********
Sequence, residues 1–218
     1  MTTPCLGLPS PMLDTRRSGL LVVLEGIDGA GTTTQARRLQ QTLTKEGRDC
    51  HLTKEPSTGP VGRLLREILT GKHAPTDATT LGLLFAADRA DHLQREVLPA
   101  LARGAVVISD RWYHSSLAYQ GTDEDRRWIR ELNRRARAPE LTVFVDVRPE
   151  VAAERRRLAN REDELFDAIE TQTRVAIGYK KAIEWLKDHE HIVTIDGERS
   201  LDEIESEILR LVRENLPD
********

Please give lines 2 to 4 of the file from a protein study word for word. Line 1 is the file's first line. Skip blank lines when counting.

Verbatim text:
     1  MTTPCLGLPS PMLDTRRSGL LVVLEGIDGA GTTTQARRLQ QTLTKEGRDC
    51  HLTKEPSTGP VGRLLREILT GKHAPTDATT LGLLFAADRA DHLQREVLPA
   101  LARGAVVISD RWYHSSLAYQ GTDEDRRWIR ELNRRARAPE LTVFVDVRPE